Milk sheep

Discussion in 'Sheep' started by mamabear, Jul 30, 2005.

  1. mamabear

    mamabear Well-Known Member

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    Good evening,
    I have been trying to figure out whether to go for a milk cow, goat or sheep. I've read such nice things about all three, that I'm now quite confused. We had a milk cow when I was a kid, but even being a small Jersey, she gave quite a bit of milk. Since I am down to one son, from three being in the house, I don't need gallons and gallons of milk. However, I would like to have enough to drink and attempt to make cheese from.
    Is there one breed of sheep that you consider to be better than others for this? Now bear this in mind... I know nothing of sheep other than the ones I see around here that you have to shear. I'd rather not have that kind. :D

    Since I've totally revealed my ignorance, would someone please help. :help:

    Thank you.
    mamabear
     
  2. james dilley

    james dilley Well-Known Member Supporter

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    Try your local library for a book on sheep breeds. I think If memory serves me that most breeds for milk are in/out of Europe. There are several breeds to choose from,You might try a breed noted for Multiple births. And bottle feed the babies and milk the ewe.
     

  3. eieiomom

    eieiomom Well-Known Member

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    Go for the sheep !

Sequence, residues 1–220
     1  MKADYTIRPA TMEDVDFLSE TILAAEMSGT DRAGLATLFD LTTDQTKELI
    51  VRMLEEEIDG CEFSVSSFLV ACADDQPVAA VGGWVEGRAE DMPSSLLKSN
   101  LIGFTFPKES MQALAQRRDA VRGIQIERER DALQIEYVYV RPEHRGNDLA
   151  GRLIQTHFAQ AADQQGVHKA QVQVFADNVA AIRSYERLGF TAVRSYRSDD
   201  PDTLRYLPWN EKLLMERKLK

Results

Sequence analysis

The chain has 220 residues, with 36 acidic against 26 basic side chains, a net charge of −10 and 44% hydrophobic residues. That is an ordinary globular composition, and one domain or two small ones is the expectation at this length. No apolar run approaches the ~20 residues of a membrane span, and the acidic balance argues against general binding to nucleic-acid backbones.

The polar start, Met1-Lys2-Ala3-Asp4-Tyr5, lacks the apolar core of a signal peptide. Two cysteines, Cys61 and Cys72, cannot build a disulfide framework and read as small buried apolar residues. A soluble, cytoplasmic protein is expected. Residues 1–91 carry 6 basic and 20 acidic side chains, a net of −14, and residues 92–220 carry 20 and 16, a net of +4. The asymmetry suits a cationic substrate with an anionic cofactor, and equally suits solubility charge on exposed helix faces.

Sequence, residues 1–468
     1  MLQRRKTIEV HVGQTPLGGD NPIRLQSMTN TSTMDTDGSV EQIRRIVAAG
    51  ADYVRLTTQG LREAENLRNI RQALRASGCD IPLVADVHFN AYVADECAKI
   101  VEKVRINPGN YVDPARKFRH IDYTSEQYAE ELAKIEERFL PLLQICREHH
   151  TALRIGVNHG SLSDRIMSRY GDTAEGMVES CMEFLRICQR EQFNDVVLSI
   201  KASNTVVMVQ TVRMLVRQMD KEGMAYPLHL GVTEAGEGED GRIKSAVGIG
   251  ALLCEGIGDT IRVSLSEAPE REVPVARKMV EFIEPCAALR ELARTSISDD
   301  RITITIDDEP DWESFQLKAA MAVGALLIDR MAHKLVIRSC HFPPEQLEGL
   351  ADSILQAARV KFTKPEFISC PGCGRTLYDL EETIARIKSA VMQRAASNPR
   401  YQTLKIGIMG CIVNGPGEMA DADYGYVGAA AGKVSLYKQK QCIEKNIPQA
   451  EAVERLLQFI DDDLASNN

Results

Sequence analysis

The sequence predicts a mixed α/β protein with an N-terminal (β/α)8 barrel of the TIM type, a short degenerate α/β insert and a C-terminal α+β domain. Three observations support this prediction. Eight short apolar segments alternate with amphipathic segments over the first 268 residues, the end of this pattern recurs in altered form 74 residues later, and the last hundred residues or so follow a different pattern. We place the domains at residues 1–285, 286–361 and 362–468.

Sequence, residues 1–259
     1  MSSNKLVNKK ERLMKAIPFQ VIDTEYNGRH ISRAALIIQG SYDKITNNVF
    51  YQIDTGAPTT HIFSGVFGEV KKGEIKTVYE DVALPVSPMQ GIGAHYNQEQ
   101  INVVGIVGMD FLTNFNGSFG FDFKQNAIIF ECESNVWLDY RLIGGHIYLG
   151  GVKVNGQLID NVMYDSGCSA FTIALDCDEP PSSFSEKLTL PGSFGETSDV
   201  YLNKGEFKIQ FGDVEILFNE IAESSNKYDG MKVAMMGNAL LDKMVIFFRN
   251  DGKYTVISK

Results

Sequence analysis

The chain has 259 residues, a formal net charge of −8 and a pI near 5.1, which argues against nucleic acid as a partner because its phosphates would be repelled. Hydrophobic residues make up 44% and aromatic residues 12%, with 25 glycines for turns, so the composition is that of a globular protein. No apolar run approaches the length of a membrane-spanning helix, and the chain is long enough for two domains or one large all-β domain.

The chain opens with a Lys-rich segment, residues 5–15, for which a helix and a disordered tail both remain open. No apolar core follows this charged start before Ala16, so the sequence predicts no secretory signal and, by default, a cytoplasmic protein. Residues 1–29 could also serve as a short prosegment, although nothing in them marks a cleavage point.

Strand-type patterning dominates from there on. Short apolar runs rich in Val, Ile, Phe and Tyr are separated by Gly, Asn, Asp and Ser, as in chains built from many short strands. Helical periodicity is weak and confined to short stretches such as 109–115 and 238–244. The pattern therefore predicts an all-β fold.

They are wonderful :)
    I have dairy cross sheep for sale and right now trying to coordinate transportation in different states.
    The dairy crosses we have are East Friesian crossed with Polypay, and some with Dorset, Merino and Rideau Arcott.
    They are excellent for milk production, prolific lambing, off season breeding , market lambs, and easy to handle.
    Ours are naturally colored and white and have wonderful fleeces too.

    I have contacted a lady in Texas who I sold lambs to but I think she is keeping all her lambs this year and continuing to increase her flock.

    Otherwise, there are possible trips being coordinated for western, southern and eastern states
     
  4. quailkeeper

    quailkeeper Well-Known Member

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    I would not recommend jumping into sheep for milk. The milk does NOT taste like cow's milk. The hair breeds are not noted for their milk production so you will probably have to get a wool breed. Here is a great link for sheep breeds http://www.ansi.okstate.edu/breeds/sheep/ . If you do find a milk sheep breeder ask to sample the milk from the same ewe you will be buying. Every ewe will have a different taste. I had milk from one of my Barbado ewes and I was literally sick from the taste. Try mixing fish oil and evaporated milk and that about pegs the flavor. So I got into the Dexters for my milk. Great little cow with low upkeep and produces a pretty decent amount of milk. Has the same butterfat as a Jersey. I would also recommend tasting goat milk from a nanny before buying. A lot of goats out there have goaty flavored milk.
     
  5. eieiomom

    eieiomom Well-Known Member

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    Just thought I'd also mention that there is a lot of information available about milking sheep and a couple variety of dairy sheep breeds currently in the U.S.
    This would include literature from dairy sheep symposiums and a couple sheep dairy discussion groups.
    There are many internet links available as well.

    Deb Bender
    Deerfield, WI
     
  6. eieiomom

    eieiomom Well-Known Member